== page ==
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Submitted: 12-08-2010 by wirerat123
Yes an experienced kayaker giving this boat a 10. I'll explain just exactly why below.
I've been kayaking for what seems like forever. Everything ranging from class 3 rivers to flat smooth lakes. I cruise, I fish, I surf that hole at the bottom of the class 3 slide. I paddle every chance I get.
With that said, I'm always looking for a bargain on a boat that I can find a good use for. Got a couple of Pursuit 100s, mainly for running class 2 and under rivers with some hammock camping gear stuffed in there.
Since I am already familiar with whitewater boats, the issues others have with this boat, I simply do not have. I have been VERY surprised at how well these little boats fill that void between playful low volume whitewater kayak and under responsive larger rec boats.
My Wilderness Systems Pungo 120 was the first boat I had for weekend river running with camping in the middle. Excellent for larger wide rivers and easy to maneuver rough spots, but could be a chore to steer around the rock garden and into the slot then back around the strainer at the bottom. But I could do it, but I knew there had to be something better without having to cramp everything including myself into a $900 creek boat. I already have a creek boat, river runner and play boat. None of them suitable for stuffing a weekends worth of gear and myself in without risking being stuffed too tight or overloading my boat. I also have longer flat water boats that will easily hold a weekends worth of gear, that glide well and track straight as an arrow, but on tight spots in a river become a chore to paddle tighter technical sections.
I could get a whitewater canoe. But those are typically $1000 at a minimum. They run $600+ used. Plus big money for custom outfitting, float bags, and learning a new way to paddle, as well as testy knees threw that out of the water. No open boat for me.
Going through Dick's Sporting goods during a late winter sale I saw them on sale for $199 each. Checked out the quality of the plastic. Well not quite the quality of my Wilderness systems or Pyranha boats, but certainly better than I would have expected for the money.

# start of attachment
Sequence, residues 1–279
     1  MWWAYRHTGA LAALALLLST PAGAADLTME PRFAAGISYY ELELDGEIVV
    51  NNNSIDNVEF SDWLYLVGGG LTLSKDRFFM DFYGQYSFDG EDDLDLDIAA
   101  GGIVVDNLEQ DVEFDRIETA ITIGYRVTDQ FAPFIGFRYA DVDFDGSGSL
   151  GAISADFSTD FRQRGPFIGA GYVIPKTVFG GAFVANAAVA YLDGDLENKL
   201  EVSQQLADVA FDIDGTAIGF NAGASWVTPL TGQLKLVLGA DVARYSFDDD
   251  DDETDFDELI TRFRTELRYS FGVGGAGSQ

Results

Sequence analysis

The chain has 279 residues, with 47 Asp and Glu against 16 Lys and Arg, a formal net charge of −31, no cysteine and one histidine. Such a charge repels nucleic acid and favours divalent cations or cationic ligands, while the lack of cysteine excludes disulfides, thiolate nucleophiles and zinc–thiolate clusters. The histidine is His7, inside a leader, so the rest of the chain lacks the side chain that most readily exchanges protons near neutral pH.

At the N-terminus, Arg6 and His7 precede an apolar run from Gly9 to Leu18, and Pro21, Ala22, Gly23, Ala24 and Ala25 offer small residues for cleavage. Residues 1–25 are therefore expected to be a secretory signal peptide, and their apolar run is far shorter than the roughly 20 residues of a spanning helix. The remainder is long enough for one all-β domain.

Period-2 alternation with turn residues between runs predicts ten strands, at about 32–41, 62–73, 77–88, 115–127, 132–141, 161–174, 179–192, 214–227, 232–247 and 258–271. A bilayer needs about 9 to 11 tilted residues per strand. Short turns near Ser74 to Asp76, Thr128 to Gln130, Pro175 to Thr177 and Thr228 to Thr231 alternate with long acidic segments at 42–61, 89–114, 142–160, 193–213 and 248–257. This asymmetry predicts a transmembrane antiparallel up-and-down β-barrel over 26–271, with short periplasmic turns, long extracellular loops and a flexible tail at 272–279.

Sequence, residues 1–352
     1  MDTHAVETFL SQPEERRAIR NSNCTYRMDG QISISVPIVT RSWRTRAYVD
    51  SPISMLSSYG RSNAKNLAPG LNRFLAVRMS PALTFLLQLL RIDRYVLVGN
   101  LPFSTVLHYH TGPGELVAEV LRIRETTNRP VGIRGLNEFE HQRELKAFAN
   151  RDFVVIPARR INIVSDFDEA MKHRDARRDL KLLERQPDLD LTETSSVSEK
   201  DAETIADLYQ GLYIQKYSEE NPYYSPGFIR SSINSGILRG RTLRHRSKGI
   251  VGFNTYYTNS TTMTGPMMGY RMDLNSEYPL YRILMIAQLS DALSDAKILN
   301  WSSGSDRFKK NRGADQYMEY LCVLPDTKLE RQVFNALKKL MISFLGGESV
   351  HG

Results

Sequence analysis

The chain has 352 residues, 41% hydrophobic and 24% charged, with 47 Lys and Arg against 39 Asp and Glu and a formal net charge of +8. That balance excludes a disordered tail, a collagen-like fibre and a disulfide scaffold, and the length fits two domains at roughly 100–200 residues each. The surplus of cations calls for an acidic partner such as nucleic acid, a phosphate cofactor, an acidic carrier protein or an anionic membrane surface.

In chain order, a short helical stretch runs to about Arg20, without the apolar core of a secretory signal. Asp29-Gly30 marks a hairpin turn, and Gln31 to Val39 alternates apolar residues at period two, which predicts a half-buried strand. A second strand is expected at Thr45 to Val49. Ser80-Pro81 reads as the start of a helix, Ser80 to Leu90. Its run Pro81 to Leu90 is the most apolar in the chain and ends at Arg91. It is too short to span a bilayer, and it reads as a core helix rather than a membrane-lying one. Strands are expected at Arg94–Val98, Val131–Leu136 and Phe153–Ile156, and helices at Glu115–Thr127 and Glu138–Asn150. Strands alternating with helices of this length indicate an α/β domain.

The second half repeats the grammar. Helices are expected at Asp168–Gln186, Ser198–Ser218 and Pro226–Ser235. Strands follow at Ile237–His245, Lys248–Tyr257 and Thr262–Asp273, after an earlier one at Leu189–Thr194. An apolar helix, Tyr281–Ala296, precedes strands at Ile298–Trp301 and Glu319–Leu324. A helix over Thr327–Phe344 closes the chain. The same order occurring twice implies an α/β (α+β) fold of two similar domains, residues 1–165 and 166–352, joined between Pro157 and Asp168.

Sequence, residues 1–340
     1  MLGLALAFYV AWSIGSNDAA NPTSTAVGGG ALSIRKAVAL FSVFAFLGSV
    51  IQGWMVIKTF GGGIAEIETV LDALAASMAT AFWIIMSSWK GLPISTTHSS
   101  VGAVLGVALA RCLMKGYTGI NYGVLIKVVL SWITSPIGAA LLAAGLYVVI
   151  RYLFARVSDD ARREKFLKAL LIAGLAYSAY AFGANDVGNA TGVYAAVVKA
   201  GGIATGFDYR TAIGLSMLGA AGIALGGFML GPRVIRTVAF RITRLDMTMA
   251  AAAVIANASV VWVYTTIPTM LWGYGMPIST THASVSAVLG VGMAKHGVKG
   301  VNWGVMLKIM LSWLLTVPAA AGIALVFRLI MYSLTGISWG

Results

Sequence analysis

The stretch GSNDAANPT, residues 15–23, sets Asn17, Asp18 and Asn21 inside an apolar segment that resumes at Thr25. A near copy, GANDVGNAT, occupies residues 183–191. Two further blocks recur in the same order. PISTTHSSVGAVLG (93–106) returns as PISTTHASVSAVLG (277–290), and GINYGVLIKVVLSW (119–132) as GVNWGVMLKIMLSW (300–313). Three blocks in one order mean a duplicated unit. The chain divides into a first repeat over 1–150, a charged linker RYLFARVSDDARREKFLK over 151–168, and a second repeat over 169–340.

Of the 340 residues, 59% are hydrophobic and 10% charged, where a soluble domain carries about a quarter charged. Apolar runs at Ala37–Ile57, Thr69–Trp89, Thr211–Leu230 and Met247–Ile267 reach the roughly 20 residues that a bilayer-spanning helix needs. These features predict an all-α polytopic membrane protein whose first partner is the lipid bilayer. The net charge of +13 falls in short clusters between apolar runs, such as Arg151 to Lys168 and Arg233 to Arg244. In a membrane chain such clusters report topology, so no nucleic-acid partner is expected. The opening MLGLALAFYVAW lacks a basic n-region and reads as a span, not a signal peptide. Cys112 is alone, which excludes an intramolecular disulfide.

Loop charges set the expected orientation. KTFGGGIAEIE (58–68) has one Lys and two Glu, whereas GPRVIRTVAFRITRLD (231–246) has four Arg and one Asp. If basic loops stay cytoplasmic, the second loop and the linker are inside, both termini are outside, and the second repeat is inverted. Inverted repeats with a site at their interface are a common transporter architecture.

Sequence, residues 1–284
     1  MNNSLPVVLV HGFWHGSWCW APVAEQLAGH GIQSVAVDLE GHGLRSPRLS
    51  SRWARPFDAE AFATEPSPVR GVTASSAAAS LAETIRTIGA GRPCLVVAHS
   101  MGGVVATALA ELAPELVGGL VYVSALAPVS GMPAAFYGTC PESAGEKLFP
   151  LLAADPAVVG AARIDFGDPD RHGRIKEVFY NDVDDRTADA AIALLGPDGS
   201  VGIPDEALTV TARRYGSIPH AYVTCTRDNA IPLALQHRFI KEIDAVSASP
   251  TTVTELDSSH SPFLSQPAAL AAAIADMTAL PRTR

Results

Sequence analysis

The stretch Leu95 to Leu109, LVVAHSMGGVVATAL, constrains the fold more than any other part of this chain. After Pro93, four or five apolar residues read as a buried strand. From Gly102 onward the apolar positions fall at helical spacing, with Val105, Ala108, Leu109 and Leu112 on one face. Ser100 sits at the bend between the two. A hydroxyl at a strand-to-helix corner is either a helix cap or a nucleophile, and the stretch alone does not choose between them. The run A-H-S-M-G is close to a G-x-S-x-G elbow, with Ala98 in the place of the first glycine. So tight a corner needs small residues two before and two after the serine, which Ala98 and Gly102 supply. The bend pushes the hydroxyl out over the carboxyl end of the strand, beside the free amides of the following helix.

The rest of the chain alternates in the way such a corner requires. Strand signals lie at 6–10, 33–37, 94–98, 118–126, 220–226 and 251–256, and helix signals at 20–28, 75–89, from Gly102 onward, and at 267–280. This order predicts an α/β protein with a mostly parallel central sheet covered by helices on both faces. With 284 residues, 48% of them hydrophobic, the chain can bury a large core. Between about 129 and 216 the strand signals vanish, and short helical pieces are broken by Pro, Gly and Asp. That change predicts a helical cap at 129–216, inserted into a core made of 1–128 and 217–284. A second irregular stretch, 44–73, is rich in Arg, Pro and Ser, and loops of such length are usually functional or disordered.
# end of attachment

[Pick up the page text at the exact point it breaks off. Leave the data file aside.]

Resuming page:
Hull design, this is where I got happy. Compare the hull design with a modern whitewater canoe (say the Evergreen Solito). VERY similar in design to a whitewater canoe. Meaning better tracking and stability than a whitewater kayak, but much better maneuverability than normal in a rec boat. It was the in between I had been searching for!
Got it home, first things first. I need to make the back hatch waterproof, and open up into the body of the boat for more storage area. A utility knife around the inside area of the hatch opened it right up with little issue. Glued some auto door trim around it so the lid would seal good on it. Took some paper and made a template of the space behind the seat, and cut a 1" piece of foam rubber into a bulkhead and glued it behind the seat and sealed it with silicone. Now for less than $20 I had decently dry large area storage in the back. Plenty for a weekends worth of gear. On to the cockpit. I sealed any screw holes with silicone, took a beach ball mostly inflated, put lines of silicone on it, partially inflated it and wedged it into the front for flotation, not that the bulkhead in the back wouldn't be plenty, but it wouldn't be perfectly waterproof if submerged. Glued on some knee pads under the front deck to help me maneuver the boat.
On the maiden voyage I took her out on an overnighter on a class 1 river with a couple of really technical moves needed or else you get wet, but no real danger involved. Initial jump into the boat told me that this little boat indeed was going to please me. It was the perfect in between from my whitewater boats to my flat water boats. It was faster and tracked better than my whitewater boats, but was loosed enough to turn hard and fast when needed. What a pleasure to find out this little boat was indeed exactly what I was looking for.
I had one issue left, it wouldn't hold a skirt worth a crap. The skirt material was just too bulky to hold under the lip well. So I put a 1" wide fairly thick line of silicone around the lip of the cockpit to add grip. I only put on a nylon skirt if I'm hitting rougher water, and it now holds well enough to get me through a wave train or slide without letting too much water in. The hand held bilge pump handles the rest in short order.
This boat was just what the doctor ordered for it's needed purpose, and it has held up perfectly for the last 3 years with likely another year or two left in it. But they are cheap enough getting a new one isn't going to break my heart.
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